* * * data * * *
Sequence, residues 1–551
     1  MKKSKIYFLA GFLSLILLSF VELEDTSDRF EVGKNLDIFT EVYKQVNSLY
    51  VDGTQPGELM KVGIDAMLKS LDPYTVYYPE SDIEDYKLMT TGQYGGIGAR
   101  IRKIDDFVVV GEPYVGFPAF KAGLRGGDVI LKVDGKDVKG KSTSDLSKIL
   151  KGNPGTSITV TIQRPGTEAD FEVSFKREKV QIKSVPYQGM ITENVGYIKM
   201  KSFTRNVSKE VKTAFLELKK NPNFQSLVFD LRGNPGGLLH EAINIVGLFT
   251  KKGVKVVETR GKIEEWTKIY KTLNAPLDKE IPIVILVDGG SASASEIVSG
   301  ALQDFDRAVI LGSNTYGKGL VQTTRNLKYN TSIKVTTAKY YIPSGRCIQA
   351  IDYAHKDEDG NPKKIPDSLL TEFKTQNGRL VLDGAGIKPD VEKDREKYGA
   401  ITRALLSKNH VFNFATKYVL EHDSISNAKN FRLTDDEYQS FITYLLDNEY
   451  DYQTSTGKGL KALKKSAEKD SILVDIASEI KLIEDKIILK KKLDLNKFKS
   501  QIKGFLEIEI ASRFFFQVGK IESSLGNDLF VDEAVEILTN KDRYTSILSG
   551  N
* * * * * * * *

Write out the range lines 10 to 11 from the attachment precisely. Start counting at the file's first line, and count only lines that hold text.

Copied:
   401  ITRALLSKNH VFNFATKYVL EHDSISNAKN FRLTDDEYQS FITYLLDNEY
   451  DYQTSTGKGL KALKKSAEKD SILVDIASEI KLIEDKIILK KKLDLNKFKS